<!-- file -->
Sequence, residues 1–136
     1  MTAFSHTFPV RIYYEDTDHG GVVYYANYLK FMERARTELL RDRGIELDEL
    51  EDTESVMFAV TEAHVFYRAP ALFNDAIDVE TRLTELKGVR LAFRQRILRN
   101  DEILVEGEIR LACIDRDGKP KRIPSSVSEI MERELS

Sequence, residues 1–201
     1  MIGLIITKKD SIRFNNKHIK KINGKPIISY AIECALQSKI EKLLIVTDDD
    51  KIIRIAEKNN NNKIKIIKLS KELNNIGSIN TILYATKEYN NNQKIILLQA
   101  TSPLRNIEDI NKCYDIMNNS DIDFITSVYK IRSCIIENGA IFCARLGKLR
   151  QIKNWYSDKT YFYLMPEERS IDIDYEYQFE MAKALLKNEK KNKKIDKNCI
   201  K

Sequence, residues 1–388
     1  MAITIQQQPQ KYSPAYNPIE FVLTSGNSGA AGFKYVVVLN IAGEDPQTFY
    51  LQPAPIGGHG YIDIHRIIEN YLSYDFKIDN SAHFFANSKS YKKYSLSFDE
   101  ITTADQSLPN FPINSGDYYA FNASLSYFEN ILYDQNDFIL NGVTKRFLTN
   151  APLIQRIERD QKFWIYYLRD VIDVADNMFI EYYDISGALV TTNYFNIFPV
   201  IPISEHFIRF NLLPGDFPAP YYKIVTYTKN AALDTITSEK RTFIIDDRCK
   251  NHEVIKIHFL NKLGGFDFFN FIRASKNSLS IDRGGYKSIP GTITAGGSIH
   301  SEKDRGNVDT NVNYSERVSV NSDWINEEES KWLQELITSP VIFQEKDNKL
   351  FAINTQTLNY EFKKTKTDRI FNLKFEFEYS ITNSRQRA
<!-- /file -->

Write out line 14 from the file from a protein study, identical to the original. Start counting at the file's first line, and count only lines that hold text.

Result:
   101  ITTADQSLPN FPINSGDYYA FNASLSYFEN ILYDQNDFIL NGVTKRFLTN